The holidays are a festive time for most people, but employers have to walk a fine line. They may want to embrace the holiday season, but they can’t alienate any group of people when they’re doing this.
One of the most important things that employers should remember is that only some employees may celebrate specific religious holidays. Because of this, they should limit religion-based décor in the workplace so they aren’t discriminating against any worker.
1. Holiday décor should be non-religious
Holiday décor can include seasonal items; religious icons shouldn’t be present. For example, a holiday tree is likely suitable but including a manger scene with it wouldn’t be appropriate. Companies can also present a policy about personal décor limitations as long as the limitations apply to everyone.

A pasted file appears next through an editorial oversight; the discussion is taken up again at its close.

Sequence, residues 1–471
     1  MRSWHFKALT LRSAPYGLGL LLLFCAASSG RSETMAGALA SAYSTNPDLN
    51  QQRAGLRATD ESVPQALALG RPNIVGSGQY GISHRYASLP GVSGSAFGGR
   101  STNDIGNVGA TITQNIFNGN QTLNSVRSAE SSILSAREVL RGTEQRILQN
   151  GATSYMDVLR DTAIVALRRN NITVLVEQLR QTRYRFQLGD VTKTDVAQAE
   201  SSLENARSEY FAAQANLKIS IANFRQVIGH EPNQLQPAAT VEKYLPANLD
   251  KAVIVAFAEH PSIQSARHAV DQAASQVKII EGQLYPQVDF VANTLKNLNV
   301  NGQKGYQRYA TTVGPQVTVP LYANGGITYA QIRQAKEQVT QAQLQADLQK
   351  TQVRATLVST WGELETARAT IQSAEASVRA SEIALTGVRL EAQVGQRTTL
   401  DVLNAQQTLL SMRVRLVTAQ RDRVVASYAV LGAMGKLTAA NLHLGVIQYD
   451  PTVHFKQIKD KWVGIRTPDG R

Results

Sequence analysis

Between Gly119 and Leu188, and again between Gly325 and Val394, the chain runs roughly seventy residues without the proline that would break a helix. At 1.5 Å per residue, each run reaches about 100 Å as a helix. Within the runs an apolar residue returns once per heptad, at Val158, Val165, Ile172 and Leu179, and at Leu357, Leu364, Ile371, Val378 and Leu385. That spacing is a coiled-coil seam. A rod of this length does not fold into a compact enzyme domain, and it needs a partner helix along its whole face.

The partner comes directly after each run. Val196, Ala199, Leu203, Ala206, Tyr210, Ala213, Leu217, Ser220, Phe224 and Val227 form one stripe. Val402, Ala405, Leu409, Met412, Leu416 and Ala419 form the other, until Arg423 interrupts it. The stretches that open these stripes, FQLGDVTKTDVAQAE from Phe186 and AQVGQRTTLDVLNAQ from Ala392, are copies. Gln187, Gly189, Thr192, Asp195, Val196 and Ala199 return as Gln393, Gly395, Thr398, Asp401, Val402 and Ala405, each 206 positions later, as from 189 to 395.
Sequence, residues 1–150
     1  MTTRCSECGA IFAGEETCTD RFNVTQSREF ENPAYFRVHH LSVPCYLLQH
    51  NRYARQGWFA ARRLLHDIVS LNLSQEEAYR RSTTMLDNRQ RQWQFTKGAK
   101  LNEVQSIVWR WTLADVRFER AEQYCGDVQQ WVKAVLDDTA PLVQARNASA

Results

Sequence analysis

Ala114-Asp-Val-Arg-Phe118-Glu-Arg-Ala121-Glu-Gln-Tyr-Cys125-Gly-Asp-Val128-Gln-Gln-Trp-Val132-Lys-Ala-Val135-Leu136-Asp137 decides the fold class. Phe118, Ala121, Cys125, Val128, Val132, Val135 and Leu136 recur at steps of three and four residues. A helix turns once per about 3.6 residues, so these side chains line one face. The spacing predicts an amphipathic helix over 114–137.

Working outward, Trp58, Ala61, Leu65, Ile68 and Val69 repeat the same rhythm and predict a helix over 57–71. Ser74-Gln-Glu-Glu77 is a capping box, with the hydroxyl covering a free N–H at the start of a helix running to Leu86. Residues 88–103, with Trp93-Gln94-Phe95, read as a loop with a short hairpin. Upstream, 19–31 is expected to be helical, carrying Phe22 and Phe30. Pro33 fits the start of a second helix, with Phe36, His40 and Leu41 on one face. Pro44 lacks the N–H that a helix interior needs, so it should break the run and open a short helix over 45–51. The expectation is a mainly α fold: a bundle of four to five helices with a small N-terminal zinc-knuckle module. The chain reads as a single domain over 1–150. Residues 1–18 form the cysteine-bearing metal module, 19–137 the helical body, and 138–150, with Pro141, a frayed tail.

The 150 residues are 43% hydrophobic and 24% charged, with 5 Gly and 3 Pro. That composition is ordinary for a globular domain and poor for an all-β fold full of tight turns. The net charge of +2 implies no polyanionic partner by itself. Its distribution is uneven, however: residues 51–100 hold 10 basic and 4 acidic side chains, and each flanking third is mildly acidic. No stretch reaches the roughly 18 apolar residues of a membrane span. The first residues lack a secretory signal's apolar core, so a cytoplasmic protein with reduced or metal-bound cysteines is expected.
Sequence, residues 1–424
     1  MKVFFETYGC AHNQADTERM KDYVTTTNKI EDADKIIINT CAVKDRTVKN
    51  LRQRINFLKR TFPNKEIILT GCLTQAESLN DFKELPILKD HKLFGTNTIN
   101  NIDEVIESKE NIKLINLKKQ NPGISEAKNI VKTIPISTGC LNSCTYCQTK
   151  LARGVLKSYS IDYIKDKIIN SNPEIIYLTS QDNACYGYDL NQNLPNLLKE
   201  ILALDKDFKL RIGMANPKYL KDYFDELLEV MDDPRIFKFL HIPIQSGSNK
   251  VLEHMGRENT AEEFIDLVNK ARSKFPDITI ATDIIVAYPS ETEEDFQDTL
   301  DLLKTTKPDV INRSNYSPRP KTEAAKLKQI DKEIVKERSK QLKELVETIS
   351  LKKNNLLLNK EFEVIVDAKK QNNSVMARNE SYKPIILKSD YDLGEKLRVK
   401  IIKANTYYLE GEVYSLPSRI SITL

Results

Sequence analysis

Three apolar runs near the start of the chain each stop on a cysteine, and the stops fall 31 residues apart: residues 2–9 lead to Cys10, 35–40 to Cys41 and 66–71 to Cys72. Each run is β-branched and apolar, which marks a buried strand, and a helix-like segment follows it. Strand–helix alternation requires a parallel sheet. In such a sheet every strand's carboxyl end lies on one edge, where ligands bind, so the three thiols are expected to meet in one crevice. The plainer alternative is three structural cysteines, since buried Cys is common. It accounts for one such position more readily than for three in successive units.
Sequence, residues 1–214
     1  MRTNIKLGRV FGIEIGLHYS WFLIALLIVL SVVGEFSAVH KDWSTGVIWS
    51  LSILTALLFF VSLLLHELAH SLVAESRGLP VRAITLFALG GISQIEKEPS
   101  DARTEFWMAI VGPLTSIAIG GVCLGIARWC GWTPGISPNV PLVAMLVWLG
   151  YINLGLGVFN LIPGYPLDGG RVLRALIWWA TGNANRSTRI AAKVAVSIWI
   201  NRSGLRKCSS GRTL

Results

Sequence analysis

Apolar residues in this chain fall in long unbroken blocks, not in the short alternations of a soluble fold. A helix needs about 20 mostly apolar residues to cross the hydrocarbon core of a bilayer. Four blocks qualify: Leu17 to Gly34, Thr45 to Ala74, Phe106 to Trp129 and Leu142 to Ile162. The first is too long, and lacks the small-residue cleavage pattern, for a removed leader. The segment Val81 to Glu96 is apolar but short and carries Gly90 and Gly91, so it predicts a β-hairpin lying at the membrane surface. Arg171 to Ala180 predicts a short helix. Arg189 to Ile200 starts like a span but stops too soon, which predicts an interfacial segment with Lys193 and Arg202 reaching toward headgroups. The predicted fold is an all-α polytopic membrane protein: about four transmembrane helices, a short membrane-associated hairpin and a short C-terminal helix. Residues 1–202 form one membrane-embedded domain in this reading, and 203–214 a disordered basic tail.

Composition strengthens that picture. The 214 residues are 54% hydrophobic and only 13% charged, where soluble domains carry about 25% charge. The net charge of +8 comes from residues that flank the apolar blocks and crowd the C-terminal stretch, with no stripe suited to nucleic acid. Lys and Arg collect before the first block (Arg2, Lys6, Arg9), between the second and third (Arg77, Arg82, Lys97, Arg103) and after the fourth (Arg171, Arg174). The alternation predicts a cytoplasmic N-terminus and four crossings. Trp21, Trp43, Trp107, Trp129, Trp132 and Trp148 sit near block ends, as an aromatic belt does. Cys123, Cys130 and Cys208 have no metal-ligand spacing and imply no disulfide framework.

2. Holiday events should embrace everyone
Holiday events are great for team building, but they should be named appropriately and include everyone. For example, have a holiday party instead of a Christmas party. This ensures that even those who don’t celebrate Christmas don’t feel discriminated against.
3. Feedback should be welcomed
All employees should be able to speak up about anything they feel is discriminatory against anyone. Employers should listen to that feedback and consider how they can correct the issue. In some cases, a simple explanation about the matter might be all that’s necessary to clear up perceived discrimination.
Workplace discrimination isn’t ever acceptable. Workers have the right to take action if they’re discriminated against, but employers can also combat those claims. Regardless of which side you’re on, you should learn your options so you can do what you feel is in your best interests.